Clinicopathological features of acute kidney injury associated with immune checkpoint inhibitors

Frank B. Cortazar, Kristen A. Marrone, Megan L. Troxell, Kenneth M. Ralto, Melanie P. Hoenig, Julie R. Brahmer, Dung T. Le, Evan J. Lipson, Ilya G. Glezerman, Jedd Wolchok, Lynn D. Cornell, Paul Feldman, Michael B. Stokes, Sarah A. Zapata, F. Stephen Hodi, Patrick A. Ott, Michifumi Yamashita, David E. Leaf

Research output: Contribution to journalArticle

171 Scopus citations

Abstract

Immune checkpoint inhibitors (CPIs), monoclonal antibodies that target inhibitory receptors expressed on T cells, represent an emerging class of immunotherapy used in treating solid organ and hematologic malignancies. We describe the clinical and histologic features of 13 patients with CPI-induced acute kidney injury (AKI) who underwent kidney biopsy. Median time from initiation of a CPI to AKI was 91 (range, 21 to 245) days. Pyuria was present in 8 patients, and the median urine protein to creatinine ratio was 0.48 (range, 0.12 to 0.98) g/g. An extrarenal immune-related adverse event occurred prior to the onset of AKI in 7 patients. Median peak serum creatinine was 4.5 (interquartile range, 3.6–7.3) mg/dl with 4 patients requiring hemodialysis. The prevalent pathologic lesion was acute tubulointerstitial nephritis in 12 patients, with 3 having granulomatous features, and 1 thrombotic microangiopathy. Among the 12 patients with acute tubulointerstitial nephritis, 10 received treatment with glucocorticoids, resulting in complete or partial improvement in renal function in 2 and 7 patients, respectively. However, the 2 patients with acute tubulointerstitial nephritis not given glucocorticoids had no improvement in renal function. Thus, CPI-induced AKI is a new entity that presents with clinical and histologic features similar to other causes of drug-induced acute tubulointerstitial nephritis, though with a longer latency period. Glucocorticoids appear to be a potentially effective treatment strategy. Hence, AKI due to CPIs may be caused by a unique mechanism of action linked to reprogramming of the immune system, leading to loss of tolerance.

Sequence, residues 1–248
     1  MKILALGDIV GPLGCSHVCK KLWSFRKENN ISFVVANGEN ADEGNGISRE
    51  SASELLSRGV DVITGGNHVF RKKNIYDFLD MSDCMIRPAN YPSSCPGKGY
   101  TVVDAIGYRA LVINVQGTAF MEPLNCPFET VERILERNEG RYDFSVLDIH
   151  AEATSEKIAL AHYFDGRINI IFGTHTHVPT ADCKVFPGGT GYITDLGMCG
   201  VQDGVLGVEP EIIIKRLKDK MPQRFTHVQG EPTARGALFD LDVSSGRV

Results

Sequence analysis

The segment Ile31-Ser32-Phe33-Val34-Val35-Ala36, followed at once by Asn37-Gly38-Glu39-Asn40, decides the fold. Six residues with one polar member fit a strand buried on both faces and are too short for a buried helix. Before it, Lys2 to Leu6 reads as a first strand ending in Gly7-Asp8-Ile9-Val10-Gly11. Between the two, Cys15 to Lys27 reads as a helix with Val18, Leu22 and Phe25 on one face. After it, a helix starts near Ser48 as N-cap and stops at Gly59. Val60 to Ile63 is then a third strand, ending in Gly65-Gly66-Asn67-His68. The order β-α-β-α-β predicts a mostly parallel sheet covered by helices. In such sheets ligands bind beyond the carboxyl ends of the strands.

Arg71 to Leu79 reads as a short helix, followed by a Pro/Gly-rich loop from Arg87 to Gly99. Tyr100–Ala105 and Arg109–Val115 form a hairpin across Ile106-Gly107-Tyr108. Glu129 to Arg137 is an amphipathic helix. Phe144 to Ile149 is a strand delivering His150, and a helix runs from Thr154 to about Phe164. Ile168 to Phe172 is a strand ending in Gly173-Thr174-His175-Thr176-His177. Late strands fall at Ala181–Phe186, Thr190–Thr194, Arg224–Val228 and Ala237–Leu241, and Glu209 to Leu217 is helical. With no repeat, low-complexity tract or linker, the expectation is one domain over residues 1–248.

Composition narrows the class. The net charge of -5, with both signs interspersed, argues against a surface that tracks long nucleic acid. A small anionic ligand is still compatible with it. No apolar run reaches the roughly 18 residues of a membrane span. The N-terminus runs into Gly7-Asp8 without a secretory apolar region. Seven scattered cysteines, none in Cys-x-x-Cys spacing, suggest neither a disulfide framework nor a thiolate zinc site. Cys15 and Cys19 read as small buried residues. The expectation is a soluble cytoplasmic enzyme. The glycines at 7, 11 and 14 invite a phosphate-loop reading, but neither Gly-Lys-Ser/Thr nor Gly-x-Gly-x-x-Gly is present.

Original languageEnglish (US)
Pages (from-to)638-647
Number of pages10
JournalKidney International
Volume90
Issue number3
DOIs
StatePublished - Sep 1 2016

Keywords

  • acute kidney injury
  • ipilimumab
  • nivolumab
  • pembrolizumab

ASJC Scopus subject areas

  • Nephrology

Fingerprint Dive into the research topics of 'Clinicopathological features of acute kidney injury associated with immune checkpoint inhibitors'. Together they form a unique fingerprint.

  • Cite this

    Cortazar, F. B., Marrone, K. A., Troxell, M. L., Ralto, K. M., Hoenig, M. P., Brahmer, J. R., Le, D. T., Lipson, E. J., Glezerman, I. G., Wolchok, J., Cornell, L. D., Feldman, P., Stokes, M. B., Zapata, S. A., Hodi, F. S., Ott, P. A., Yamashita, M., & Leaf, D. E. (2016). Clinicopathological features of acute kidney injury associated with immune checkpoint inhibitors. Kidney International, 90(3), 638-647. https://doi.org/10.1016/j.kint.2016.04.008